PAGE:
A Beginners 7 Step Guide to Building a Strength Training Program

Posted by Aimee Frazier on August 8, 2017 in Health.

Strength Program

The body is a paradox- in order for it to become stronger, it must first be broken down through a challenging workout! This post focuses on how strength is built, and gives you a simple framework for designing your strength-training program. It’s not as difficult as it may sound! You can have your Strength Training Plan ready before your next gym visit.

Muscle Physiology 101

After a weightlifting session, the muscles say “hey, body, we need to step up our game. In order to do that, I’m going to need you to repair my muscles to be stronger”. And then the body says back, “Game on! Let me just repair these little tears in the muscles that you created by lifting weights, and as a result you’ll get stronger, and your muscles will get bigger”. Muscles are made of up of building blocks called fibrils. These fibrils get small micro tears when the body is challenged beyond it’s normal range of strength. An example of this would be during a weightlifting session at the gym. The body strains to complete the lift, and that strain is what cases the micro tears. If you’ve ever woken up after a challenging weight lifting workout and had a hard time moving, that’s due to these tears (and likely some lactic acid buildup). When the muscle repairs itself, it grows back stronger and ready for more challenges.

Build your strength training program

In order to gain strength you will first need to develop a strength-training program. The best way to build strength, of course, is to lift weights! We will walk through program design step by step right here, right now. Time to get your flex on!

Step 1: Plan how many days per week you can go to the gym.

If you’re not sure, 3 days per week is a good place to start. Plan on spending about 45-60 minutes at the gym in each session.

Step 2: Determine what body part(s) you would like to workout on each day of the week.

Keep in mind that your muscles will need 24 hours to recover post workout- so give them a break before training the again. Many people like doing a split routine. Here’s an example:

Day 1: legs
Day 2: chest, shoulders, arms
Day 3: back, obliques, core

Step 3: Select about 6 different lifts you would like to complete during each workout.

This can increase as your body adjusts to lifting.

Step 4: The order in which you complete your lifts matters.

Order the lifts by starting with the ones that work the largest muscle groups (for example, the quads) first, and then working to smaller muscle groups after (for example, the calves).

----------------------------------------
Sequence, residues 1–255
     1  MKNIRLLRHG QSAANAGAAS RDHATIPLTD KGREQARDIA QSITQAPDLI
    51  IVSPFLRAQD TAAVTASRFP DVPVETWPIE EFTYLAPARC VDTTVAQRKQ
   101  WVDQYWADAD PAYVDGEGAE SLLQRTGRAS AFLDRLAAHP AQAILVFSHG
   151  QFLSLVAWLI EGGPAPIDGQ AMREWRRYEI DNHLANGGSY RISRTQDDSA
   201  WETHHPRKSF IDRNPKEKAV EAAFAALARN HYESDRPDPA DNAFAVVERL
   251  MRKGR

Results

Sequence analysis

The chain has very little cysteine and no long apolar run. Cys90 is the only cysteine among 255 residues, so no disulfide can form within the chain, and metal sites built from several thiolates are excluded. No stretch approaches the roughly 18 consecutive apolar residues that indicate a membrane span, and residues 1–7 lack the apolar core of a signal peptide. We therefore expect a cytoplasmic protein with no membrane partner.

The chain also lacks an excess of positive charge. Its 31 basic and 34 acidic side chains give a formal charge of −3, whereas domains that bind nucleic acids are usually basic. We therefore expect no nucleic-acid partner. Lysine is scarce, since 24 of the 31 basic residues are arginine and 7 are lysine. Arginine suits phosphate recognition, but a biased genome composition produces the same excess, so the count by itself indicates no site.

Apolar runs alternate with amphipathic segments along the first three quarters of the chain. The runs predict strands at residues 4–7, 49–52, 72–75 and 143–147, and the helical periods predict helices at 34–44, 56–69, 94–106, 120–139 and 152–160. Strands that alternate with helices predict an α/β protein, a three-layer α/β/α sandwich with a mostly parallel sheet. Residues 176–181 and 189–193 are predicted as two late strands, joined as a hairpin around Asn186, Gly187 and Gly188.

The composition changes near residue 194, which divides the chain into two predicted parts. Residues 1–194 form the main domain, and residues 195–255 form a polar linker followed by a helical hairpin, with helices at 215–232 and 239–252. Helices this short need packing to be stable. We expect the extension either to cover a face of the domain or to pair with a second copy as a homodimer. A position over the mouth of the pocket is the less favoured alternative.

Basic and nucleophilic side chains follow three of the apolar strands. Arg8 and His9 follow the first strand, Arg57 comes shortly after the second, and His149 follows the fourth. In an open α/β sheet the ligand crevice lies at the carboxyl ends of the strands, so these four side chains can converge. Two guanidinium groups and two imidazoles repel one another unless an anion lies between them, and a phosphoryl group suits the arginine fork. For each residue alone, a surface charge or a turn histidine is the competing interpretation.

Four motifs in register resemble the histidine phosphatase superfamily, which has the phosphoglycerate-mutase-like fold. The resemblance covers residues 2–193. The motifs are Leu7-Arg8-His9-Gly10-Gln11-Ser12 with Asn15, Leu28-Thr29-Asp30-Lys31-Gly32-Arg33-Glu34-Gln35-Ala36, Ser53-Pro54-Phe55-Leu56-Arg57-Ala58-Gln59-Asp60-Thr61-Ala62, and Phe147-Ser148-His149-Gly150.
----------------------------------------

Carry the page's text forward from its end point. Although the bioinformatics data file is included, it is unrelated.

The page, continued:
Step 5: Use a basic framework for building strength.

Plan on completing 3 sets of each specific lift, and complete 8-12 repetitions for each lift. Be sure to take about a 1 minute break between each set before moving on to the next.

Step 6: Be sure to include a 5 minute warm up before you begin lifting, and a 5 minute cool down / stretch at the end.

Of course you’ll want to warm up and stretch the muscles that you will be using during the lifts.

Step 7: Write down your entire plan, including each day, and the full week, on your phone or a planner.

That way when you go to the gym you can follow the plan as a roadmap and know exactly what to do. If you’re not familiar with the gym, use this exercise library to look up how to do each lift with proper form.

Here’s an example workout that follows the basic framework that we just covered:

Sample workout: Leg Day

Warmup: 1 minute jump rope, 2 minutes body weight squats, 3 minutes jog on treadmill (5 minutes total)

Squats with barbell 3 sets of 12 repetitions (1 minute break between each set)
Deadlifts with barbell 3 sets of 12 repetitions
Leg extension machine 3 sets of 12 repetitions
Seated hip thrusts with barbell 3 sets of 12 repetitions
Donkey kicks no weight 3 sets of 12 repetitions
Calf raises with barbell 3 sets of 12 repetitions

Stretch: quadriceps, hamstrings, glutes, calves. (5-10 minutes)

Summary

The body will become stronger as it is challenged through strength-building exercises. When lifting weights, the muscles often develop micro-tears. Once those tears repair, the muscles grow stronger and larger. You learned how to design your strength building program by following a basic framework.

BONUS: 5 minute video: What Makes Muscles Grow? By Jeffrey Siegel

 

About the Author

Aimee Frazier Health Coach

Aimee Frazier’s mission is to empower individuals with the tools and resources needed to live their healthiest life. As a Coach she has partnered with hundreds of clients in achieving their goals by facilitating empowering conversations about their goals and providing them with research-proven tools and education. Aimee is the owner of Emerge Health Coaching. She has her B.S. degree in Health and Human Kinetics.

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